return solution


Here I have the optimal routes for driving time and driving distance:

In [5]:
time_solution = parse_solution('../../../../../TSP/concorde/TSP/tesla196_time.sol')
print(time_solution)

[0, 19, 80, 81, 149, 49, 8, 187, 185, 113, 114, 43, 44, 72, 73, 87, 101, 130, 51, 76, 126, 151, 135, 146, 104, 157, 158, 165, 136, 59, 137, 186, 110, 60, 18, 180, 128, 93, 173, 107, 7, 71, 46, 119, 11, 92, 82, 35, 155, 183, 38, 3, 156, 179, 159, 184, 132, 189, 83, 39, 175, 150, 78, 67, 97, 47, 31, 100, 160, 66, 68, 70, 118, 16, 56, 62, 79, 57, 36, 190, 20, 27, 63, 195, 53, 153, 154, 142, 102, 42, 129, 21, 4, 77, 171, 120, 99, 86, 10, 140, 26, 85, 139, 124, 88, 138, 94, 167, 12, 143, 125, 152, 176, 174, 188, 54, 191, 103, 178, 148, 147, 58, 109, 64, 121, 61, 133, 182, 37, 122, 69, 48, 164, 193, 172, 28, 24, 55, 131, 144, 34, 169, 116, 25, 17, 14, 15, 105, 141, 123, 117, 194, 1, 90, 50, 112, 108, 145, 134, 32, 9, 40, 127, 163, 166, 52, 84, 91, 168, 115, 2, 111, 96, 45, 74, 33, 95, 98, 89, 30, 5, 6, 29, 23, 162, 65, 192, 13, 75, 161, 177, 41, 106, 22, 170, 181]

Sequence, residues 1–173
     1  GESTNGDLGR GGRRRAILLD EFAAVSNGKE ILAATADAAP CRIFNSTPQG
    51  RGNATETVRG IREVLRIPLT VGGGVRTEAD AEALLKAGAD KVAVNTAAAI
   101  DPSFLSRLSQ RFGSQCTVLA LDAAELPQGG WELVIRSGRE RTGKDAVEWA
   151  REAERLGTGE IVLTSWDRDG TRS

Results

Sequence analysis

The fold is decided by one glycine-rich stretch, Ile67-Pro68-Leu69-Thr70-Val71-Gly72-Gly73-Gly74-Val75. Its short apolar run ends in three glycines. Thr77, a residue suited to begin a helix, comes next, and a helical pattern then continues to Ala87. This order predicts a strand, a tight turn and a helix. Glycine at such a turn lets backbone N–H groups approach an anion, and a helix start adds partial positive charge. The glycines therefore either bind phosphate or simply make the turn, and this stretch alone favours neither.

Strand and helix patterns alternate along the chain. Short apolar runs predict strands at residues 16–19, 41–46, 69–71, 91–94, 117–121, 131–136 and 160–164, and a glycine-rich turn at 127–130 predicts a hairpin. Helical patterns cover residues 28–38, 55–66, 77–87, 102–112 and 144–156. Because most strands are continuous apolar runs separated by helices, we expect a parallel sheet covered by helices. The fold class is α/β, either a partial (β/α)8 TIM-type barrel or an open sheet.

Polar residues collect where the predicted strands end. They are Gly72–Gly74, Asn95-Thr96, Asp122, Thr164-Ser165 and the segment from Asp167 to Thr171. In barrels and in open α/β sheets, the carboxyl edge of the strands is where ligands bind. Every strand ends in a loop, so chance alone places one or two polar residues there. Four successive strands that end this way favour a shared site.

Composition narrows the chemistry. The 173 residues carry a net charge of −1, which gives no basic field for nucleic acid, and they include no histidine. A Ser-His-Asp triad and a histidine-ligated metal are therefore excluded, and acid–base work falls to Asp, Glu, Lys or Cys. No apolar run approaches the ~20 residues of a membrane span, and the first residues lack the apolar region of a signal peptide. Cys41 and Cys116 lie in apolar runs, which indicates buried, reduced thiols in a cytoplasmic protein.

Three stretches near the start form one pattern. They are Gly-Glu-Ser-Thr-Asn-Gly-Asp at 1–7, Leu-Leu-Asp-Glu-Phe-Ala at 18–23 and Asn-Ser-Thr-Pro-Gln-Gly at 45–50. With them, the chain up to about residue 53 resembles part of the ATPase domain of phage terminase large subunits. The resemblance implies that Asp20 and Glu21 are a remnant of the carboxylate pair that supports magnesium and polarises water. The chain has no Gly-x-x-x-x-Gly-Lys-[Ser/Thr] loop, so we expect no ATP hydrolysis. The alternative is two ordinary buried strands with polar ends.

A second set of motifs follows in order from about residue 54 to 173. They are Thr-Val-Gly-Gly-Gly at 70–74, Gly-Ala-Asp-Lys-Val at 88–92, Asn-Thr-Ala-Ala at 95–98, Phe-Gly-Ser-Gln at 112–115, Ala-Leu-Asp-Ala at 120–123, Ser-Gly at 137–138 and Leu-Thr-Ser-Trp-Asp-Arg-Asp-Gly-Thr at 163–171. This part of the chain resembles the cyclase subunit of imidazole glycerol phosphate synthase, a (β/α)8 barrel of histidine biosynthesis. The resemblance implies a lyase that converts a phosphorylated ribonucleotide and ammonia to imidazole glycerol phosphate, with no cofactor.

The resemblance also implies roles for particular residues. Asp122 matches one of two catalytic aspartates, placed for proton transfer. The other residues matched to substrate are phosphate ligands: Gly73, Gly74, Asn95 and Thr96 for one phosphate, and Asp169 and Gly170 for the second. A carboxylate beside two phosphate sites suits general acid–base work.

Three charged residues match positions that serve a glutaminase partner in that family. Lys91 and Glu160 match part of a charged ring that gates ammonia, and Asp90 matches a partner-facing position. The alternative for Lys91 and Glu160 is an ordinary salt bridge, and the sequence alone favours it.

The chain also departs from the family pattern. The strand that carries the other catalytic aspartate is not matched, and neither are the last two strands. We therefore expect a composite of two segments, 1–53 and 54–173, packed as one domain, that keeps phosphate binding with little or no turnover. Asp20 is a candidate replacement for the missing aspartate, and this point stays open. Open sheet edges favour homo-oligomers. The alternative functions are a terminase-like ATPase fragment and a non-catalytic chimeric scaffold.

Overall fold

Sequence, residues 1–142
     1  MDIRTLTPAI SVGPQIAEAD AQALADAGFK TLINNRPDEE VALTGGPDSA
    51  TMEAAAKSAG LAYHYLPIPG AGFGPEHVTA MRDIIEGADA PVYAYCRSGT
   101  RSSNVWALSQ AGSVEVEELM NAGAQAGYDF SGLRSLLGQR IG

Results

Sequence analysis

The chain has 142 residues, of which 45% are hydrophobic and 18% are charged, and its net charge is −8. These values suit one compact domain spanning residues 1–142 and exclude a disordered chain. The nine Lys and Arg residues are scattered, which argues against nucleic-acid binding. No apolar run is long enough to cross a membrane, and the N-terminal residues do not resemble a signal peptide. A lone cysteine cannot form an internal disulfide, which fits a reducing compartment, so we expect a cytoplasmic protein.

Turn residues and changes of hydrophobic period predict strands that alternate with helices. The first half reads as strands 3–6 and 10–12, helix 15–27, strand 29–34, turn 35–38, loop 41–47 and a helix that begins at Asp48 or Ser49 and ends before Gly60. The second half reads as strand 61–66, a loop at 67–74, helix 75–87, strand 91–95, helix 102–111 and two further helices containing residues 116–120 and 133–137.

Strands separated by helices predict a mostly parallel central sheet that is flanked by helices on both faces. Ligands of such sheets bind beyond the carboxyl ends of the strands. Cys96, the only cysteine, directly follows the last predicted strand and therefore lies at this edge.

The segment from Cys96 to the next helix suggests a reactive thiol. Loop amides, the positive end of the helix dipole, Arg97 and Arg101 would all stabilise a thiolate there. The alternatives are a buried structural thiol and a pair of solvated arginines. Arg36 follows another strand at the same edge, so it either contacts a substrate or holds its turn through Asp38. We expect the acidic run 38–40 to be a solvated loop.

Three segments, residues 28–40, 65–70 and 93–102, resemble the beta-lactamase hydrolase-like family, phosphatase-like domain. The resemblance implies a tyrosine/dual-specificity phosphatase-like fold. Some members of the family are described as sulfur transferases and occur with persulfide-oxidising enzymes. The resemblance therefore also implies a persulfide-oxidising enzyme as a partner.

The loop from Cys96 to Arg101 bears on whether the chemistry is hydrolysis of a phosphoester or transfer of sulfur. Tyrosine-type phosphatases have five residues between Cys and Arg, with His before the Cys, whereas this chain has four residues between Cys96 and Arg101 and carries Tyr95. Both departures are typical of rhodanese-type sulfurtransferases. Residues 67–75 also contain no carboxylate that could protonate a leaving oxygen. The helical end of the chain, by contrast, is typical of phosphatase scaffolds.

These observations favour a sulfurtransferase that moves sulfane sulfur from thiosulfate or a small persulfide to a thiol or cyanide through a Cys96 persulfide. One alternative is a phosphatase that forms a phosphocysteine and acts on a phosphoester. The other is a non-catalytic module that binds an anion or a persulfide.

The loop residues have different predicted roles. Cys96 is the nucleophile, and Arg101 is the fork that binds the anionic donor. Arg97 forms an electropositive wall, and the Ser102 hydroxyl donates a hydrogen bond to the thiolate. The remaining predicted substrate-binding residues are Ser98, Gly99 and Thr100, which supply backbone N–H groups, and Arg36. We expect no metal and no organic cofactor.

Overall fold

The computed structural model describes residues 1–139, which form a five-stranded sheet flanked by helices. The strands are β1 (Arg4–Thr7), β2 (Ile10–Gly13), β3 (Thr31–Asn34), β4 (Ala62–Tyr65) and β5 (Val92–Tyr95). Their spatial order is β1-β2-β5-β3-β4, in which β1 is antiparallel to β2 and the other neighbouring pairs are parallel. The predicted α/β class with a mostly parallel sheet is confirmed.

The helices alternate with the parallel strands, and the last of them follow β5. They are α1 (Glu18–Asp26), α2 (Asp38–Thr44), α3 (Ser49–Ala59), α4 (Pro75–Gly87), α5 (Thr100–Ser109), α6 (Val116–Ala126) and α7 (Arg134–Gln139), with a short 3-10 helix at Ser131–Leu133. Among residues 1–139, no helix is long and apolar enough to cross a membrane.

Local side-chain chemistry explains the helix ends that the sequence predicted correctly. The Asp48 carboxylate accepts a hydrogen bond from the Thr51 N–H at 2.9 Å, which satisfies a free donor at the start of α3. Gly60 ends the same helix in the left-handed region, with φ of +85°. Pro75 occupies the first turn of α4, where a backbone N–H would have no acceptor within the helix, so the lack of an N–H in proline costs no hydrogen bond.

In [6]:
dist_solution = parse_solution('../../../../../TSP/concorde/TSP/tesla196_distance.sol')
print(dist_solution)

[0, 181, 170, 22, 106, 41, 177, 161, 75, 13, 192, 65, 162, 23, 29, 6, 5, 30, 89, 98, 95, 33, 45, 74, 96, 111, 2, 168, 115, 91, 84, 52, 166, 163, 127, 9, 40, 32, 134, 145, 108, 112, 90, 50, 1, 194, 117, 123, 141, 105, 15, 14, 17, 25, 116, 169, 34, 144, 131, 55, 24, 28, 172, 193, 164, 48, 69, 122, 37, 182, 133, 61, 64, 121, 109, 58, 147, 148, 178, 103, 191, 54, 188, 174, 176, 152, 125, 143, 12, 167, 94, 138, 10, 86, 99, 120, 171, 77, 4, 21, 129, 42, 102, 142, 154, 153, 140, 26, 85, 53, 195, 139, 124, 88, 190, 20, 63, 27, 36, 57, 79, 62, 56, 16, 118, 70, 68, 66, 160, 31, 100, 47, 97, 67, 78, 150, 175, 39, 83, 189, 132, 184, 159, 179, 156, 3, 38, 183, 155, 35, 82, 92, 11, 119, 46, 71, 7, 107, 173, 93, 128, 18, 59, 137, 186, 110, 60, 180, 136, 165, 158, 157, 104, 146, 135, 151, 126, 76, 51, 130, 101, 87, 73, 72, 44, 43, 114, 113, 185, 187, 8, 49, 149, 81, 80, 19]


Using the distance and time data I've gathered, we can compute the total for each of the two solutions above

In [7]:
import requests
import pandas as pd
import numpy as np

In [8]:
rv = requests.get('https://raw.githubusercontent.com/mortada/notebooks/master/blog/TSP/tesla196_distance.tsp')
data = rv.text.split('\n')[7:-1]
dist_data = {}
for i, line in enumerate(data):
dist_data[i] = line.strip().split()
dist_data = pd.DataFrame(dist_data).astype(int)

In [9]:
dist_data.head()

Out[9]:
0 1 2 3 4 5 6 7 8 9 ... 186 187 188 189 190 191 192 193 194 195
0 0 1945315 1054643 2591824 4745197 1620117 1614580 1795659 213925 1368344 ... 2187259 143375 3725380 2347163 4076391 4101661 647570 4749223 2128673 4282383